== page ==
After being in the business for more than 35 years and starring in more than 150 stage productions, Sara Wood founded the Actors Space West Studio to teach and mentor young actors.
Honestly, the best thing about my job is when I can help someone kick fear in the ass and find their voice. When you can help flip that switch in someone’s head that allows them to ditch that cloak of invisibility, to give themselves permission to be seen — wow.
Alisa Damaso: How long have you been an acting coach and how did you get into it?
Sara Wood: I was an actor most of my life, so when my kids wanted to audition for movies, I was the one who went over the scripts with them. So, I suppose that was my first coaching job. My daughter [Evan Rachel Wood] was screen tested for the film Interview with the Vampire when she was 5 years old. She had to learn four very difficult scenes; we worked on that for three weeks. She did so well it was narrowed down to her and Kirsten Dunst, who eventually got the part. Kirsten’s coach was John Homa; he was impressed by how I had coached Evan, and he offered me a job at his acting studio in Burbank. I started teaching at The Shop/Simply Acting in 1997 with him and Andrew Magarian, and worked there for four years before I took time off to work for Evan as her career took off. After she turned 18, I wrote a movie blog for a year and also worked as co-producer on a couple of projects that never flew. So, in 2008, I opened my own studio.
AD: Who were your biggest influences when you started out in theater?
SW: My first acting influence was my older sister and my brother, actually. They were performing with various children’s theatre companies and my mother took us to all their performances. I immediately fell in love with it all and couldn’t wait to be involved. I was cast in my first play when I was 9.
As an adult I worked at a summer stock theatre with an actress named Monica Bishop. I don’t know what ever happened to her, but she was quite wonderful and had come out of the Master’s program at Southern Methodist University, which was one of the best in the country at the time. I learned so much from watching her and hung on her every word about art and acting. As far as famous influences… Joan Allen, absolutely. Saw her on Broadway in Burn This and The Heidi Chronicles, and her performances changed my life.
AD: What’s your favorite thing about your job? Least favorite?
SW: My favorite thing about my job is that I don’t have anyone to tell me what to do. The least favorite thing about my job is that I don’t have anyone to tell me what to do! Honestly, the best thing about my job is when I can help someone kick fear in the ass and find their voice. When you can help flip that switch in someone’s head that allows them to ditch that cloak of invisibility, to give themselves permission to be seen. Wow. Teenagers and young adults especially, ‘cause, a lot of them have let this power be taken from them and they need a nudge. It’s an exciting time because there is so much more awareness and embracing of differences!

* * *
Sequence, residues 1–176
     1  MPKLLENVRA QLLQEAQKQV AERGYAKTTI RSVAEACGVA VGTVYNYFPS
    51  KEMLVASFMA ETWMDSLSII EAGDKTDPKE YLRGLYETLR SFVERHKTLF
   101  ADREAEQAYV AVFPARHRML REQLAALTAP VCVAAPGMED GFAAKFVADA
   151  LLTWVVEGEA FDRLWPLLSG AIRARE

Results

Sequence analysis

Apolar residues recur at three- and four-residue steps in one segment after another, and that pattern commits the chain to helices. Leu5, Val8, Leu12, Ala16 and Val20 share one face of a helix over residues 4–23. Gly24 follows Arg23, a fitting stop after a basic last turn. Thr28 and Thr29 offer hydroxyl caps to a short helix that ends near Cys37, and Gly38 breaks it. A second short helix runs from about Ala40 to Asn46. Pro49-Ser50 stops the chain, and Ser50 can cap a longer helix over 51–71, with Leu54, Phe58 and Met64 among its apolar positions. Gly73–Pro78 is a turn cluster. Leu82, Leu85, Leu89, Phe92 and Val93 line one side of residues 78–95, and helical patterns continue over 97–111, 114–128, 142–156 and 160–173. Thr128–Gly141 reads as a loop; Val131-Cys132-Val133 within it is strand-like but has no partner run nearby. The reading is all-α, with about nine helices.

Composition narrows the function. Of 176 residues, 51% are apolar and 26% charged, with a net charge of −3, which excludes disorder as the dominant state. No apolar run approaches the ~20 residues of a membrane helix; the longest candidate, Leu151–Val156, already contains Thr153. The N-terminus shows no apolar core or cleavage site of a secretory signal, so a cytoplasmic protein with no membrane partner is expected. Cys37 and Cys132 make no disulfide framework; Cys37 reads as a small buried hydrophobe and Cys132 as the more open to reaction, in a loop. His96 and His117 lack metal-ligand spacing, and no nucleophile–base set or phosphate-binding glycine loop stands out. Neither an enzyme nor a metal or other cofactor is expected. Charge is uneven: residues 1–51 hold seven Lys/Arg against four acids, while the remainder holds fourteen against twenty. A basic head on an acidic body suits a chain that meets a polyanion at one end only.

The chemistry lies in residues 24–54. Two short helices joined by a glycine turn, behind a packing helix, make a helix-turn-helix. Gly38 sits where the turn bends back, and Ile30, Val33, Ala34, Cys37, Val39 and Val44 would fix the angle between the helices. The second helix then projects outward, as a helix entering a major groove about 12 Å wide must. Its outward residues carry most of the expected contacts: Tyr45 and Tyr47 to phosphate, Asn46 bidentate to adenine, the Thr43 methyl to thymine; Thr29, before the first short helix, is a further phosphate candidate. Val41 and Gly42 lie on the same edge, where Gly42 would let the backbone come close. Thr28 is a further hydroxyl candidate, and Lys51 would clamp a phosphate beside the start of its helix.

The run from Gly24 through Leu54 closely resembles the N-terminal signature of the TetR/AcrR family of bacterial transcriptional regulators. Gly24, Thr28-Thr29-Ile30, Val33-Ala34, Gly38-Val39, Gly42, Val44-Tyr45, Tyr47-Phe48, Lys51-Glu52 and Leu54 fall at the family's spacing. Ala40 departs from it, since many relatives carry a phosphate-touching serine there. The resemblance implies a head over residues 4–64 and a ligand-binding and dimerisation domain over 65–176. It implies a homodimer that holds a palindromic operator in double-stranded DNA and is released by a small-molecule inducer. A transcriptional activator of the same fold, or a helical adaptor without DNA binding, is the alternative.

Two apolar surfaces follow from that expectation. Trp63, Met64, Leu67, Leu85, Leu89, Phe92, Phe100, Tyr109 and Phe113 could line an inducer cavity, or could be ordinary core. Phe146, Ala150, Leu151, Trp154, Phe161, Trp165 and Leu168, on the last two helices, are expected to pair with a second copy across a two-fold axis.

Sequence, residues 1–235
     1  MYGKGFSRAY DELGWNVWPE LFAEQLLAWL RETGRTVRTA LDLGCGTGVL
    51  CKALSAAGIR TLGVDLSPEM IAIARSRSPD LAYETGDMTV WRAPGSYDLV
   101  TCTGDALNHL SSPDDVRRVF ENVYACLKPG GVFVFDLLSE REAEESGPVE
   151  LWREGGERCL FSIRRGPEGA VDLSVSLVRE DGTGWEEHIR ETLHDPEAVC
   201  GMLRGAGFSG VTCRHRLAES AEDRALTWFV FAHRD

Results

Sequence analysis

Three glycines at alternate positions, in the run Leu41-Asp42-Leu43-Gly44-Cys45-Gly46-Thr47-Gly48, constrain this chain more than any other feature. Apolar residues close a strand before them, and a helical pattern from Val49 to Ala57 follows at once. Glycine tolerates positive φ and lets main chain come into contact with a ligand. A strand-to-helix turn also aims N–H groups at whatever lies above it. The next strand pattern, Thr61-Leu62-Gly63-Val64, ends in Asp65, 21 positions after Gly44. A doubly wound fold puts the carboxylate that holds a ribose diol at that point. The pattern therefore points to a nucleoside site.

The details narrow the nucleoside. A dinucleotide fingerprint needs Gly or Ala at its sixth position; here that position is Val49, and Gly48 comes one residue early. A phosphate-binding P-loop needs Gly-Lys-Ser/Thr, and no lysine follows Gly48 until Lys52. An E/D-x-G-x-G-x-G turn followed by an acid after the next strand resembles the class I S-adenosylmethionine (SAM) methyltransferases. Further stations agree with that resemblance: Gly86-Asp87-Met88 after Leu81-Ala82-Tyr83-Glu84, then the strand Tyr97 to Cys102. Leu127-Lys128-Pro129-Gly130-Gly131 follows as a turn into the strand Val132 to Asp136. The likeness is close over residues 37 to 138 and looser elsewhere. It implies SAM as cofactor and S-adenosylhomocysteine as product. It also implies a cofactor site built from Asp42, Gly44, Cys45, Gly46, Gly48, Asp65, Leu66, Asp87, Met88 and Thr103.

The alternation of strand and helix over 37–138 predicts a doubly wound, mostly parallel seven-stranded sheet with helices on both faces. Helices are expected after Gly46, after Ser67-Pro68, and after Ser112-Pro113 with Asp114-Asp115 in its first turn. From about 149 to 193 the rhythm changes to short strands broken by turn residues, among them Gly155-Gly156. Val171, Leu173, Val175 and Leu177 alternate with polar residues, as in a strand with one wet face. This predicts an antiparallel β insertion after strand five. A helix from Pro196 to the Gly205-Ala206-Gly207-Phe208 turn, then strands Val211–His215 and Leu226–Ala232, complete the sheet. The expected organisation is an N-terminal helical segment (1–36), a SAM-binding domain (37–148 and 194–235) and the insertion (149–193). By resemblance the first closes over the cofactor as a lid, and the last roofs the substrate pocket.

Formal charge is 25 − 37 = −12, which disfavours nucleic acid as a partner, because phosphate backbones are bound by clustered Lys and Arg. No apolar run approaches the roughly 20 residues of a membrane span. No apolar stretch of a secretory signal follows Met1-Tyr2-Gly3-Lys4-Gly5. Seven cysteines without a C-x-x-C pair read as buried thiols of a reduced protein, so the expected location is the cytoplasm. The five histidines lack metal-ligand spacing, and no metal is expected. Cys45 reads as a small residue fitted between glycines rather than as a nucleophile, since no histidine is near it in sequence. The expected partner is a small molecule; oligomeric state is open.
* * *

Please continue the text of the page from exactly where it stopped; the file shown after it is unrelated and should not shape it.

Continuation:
AD: What kinds of challenges are you faced with in your work, and how do you overcome them?
SW: Most of the challenges I face is just the day to day grind of marketing my business when I am a complete computer flunky! I am not good at the daily minutiae. Or cleaning my room. This is why setting goals is so important for artists. ‘Cause we usually get bogged down by things like daily maintenance.
Setting goals is so important for artists. ‘Cause we usually get bogged down by things like daily maintenance.
AD: What advice would you give your younger self?
SW: To my younger self… Do not get sidetracked by wanting to fit in and be liked. You know what you want, figure out how to get it. Oh and also… there is not plenty of time. Do it now!
AD: How do you de-stress?
SW: I wish I could say I meditate and do yoga, ‘cause I know that would be good for me, but, what I actually do to de-stress is watch true crime stories and play Backgammon and Spades on my iPhone. I also roller skate whenever possible.
You are not a passive observer, or a plastic garbage bag blowing in the wind. Work hard. Believe in yourself. Honor yourself as the absolutely unique being you are!
AD: What are you working on right now, and what are your plans for the future?
SW: I am learning to edit so that I can direct more, and I’m looking for other ways to expand filmmaking opportunities. ‘Cause, I do love movies. I am starting a young adult book I have been wanting to write for some time; had the idea when I was 14, but didn’t think I could write it. Then, I read Twilight just for comparison’s sake and was like, Oh I can do better than this!
For the future… I definitely wish to establish a higher profile for my acting studio. I think the work we do here is great and not the same refried bullshit. Also, mentoring is a big thing with us and I am pursuing some high profile directors and actors to be part of a program.
Looking back, there were some people who thought I was going to do big things. “Mention me in your Oscar speech!” they’d say. I am in that time of life where I realize, I owe myself better than what I have accomplished thus far. I had been a mother since my 20th birthday, and when I turned 50 I felt like I no longer had a point and became depressed. But now I have to get off my ass and do the things I wanted to do in the first place! It’s been a tough transition.
AD: Any words of wisdom for those just beginning their journey in this industry?
SW: Every great philosopher in history has said it in one form or another: “Be bold, and mighty forces will come to your aid.” “Seek and ye shall find.” You have a choice. You are not a passive observer, or a plastic garbage bag blowing in the wind. Work hard. Believe in yourself. Honor yourself as the absolutely unique being you are! Be bold. Seek. Knock. Ask. Just do it.
For more on Sara Wood and to sign up for classes, visit valleyactors.com